For those who receive monthly government checks, including Social Security and disability payments, electronic direct deposit is convenient. On the first of every month, for example, the money “appears” in our checking account. For those who have difficulty getting around, this saves having to travel to the bank to deposit a monthly check. But there’s a catch.
In a 6/1/09 WSJ article, Ellen Schultz recounts several stories of people who found their bank accounts frozen because of a loophole in the law that prevents banks from seizing payments like Social Security and disability. Several legislators are urging the Treasury to close the loophole.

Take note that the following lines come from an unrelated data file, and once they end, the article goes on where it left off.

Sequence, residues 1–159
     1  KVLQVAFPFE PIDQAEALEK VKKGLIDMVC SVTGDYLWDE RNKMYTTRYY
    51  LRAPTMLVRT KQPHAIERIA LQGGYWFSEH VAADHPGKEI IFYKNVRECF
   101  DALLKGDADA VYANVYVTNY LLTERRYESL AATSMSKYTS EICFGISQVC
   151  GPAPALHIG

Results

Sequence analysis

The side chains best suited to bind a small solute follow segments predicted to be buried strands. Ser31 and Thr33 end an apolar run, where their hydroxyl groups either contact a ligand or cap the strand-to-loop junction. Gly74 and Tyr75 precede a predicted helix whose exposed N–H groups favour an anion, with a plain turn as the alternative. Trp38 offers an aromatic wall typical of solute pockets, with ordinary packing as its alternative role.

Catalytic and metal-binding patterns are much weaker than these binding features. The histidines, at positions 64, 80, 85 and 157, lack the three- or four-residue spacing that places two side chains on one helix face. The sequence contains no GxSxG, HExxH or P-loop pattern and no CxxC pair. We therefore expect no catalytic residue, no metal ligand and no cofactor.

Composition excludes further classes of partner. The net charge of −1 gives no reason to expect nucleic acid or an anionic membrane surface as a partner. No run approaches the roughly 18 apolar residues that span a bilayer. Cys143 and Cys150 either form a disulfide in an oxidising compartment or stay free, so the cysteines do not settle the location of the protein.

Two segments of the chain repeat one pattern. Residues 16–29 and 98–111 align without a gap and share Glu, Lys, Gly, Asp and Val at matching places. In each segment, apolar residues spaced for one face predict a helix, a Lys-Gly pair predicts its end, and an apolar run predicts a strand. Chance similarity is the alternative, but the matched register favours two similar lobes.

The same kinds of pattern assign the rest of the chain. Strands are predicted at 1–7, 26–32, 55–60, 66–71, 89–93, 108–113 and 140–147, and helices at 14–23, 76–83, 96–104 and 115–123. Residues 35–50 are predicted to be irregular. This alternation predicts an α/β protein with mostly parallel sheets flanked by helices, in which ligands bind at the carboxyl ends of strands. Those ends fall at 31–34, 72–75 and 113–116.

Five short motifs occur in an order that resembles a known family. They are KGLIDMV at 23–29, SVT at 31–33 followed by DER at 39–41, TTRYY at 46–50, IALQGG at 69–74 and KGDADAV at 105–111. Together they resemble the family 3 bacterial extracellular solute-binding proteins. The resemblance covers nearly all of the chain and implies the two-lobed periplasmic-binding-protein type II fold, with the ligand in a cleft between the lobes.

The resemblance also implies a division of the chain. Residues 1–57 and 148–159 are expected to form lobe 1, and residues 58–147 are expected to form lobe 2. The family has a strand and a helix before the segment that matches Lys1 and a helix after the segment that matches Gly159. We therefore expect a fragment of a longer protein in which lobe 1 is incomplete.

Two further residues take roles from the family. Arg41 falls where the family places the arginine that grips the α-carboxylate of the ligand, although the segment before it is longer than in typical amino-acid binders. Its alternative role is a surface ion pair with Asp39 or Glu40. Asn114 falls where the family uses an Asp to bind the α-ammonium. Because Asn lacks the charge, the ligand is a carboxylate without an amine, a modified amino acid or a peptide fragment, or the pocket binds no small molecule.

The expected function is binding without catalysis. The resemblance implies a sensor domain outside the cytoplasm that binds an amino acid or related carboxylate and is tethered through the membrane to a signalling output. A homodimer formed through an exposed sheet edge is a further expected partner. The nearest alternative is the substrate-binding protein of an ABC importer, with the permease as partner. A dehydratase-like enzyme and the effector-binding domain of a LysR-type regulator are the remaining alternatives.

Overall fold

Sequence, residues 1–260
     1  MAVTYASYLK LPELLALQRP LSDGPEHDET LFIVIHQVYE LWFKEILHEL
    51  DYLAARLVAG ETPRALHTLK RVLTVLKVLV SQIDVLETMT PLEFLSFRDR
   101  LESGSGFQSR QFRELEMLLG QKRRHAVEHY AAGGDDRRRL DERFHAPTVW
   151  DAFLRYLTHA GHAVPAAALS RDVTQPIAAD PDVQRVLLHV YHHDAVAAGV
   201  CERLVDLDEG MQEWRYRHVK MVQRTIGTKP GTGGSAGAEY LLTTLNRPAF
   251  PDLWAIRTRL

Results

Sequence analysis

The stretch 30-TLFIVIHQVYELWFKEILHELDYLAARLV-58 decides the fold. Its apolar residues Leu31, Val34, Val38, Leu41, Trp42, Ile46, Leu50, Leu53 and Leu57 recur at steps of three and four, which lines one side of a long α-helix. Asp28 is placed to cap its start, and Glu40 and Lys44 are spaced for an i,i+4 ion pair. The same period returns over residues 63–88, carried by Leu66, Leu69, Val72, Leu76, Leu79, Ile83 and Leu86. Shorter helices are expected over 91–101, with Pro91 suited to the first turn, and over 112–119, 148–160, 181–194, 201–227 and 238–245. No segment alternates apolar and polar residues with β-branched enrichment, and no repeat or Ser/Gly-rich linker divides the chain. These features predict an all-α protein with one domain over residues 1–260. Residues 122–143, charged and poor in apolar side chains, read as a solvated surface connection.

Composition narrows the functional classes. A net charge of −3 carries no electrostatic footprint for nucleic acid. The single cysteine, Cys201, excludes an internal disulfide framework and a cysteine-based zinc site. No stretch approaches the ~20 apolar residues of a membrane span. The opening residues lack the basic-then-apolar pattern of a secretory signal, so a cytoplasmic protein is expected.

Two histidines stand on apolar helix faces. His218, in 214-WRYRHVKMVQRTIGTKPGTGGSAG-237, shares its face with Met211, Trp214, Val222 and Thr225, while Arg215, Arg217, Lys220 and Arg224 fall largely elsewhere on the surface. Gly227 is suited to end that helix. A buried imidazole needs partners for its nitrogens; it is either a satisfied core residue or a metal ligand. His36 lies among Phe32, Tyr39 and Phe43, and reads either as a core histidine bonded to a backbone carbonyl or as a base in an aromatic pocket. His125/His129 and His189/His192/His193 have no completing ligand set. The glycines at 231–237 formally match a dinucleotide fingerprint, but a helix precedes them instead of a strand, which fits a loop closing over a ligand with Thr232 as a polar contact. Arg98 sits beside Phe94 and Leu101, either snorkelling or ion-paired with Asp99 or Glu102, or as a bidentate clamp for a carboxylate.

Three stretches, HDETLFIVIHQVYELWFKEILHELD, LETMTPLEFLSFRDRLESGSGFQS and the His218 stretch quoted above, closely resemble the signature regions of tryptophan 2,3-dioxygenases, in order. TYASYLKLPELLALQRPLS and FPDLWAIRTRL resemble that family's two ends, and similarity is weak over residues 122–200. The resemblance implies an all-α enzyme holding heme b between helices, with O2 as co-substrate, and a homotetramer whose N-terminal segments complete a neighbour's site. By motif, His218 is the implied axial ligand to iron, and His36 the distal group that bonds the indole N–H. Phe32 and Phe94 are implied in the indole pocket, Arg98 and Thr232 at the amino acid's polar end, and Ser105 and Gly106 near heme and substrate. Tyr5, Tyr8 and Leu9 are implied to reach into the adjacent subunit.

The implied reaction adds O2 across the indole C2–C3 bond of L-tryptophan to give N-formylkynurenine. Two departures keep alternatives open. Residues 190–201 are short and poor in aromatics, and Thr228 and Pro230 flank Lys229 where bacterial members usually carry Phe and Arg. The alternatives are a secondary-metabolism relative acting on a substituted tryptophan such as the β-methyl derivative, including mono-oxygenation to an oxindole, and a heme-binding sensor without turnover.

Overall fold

If a bank receives a garnishment from a debt collector, they may turn over part or all of the money in the account and freeze the account without any advance notification to the owner of the account. This freeze in turn generates a number of “insufficient funds” fees for the bank when it bounces checks that the owner of the account wrote in good faith.
What can we do? Urge your representatives to get this loophole closed immediately. If you or someone you know has funds electronically deposited, ask the bank what their policy is regarding garnishments. If you are having trouble paying bills or are in dispute with someone over a bill, it might be wise to discontinue direct deposit till your situation changes or you are able to resolve the matter.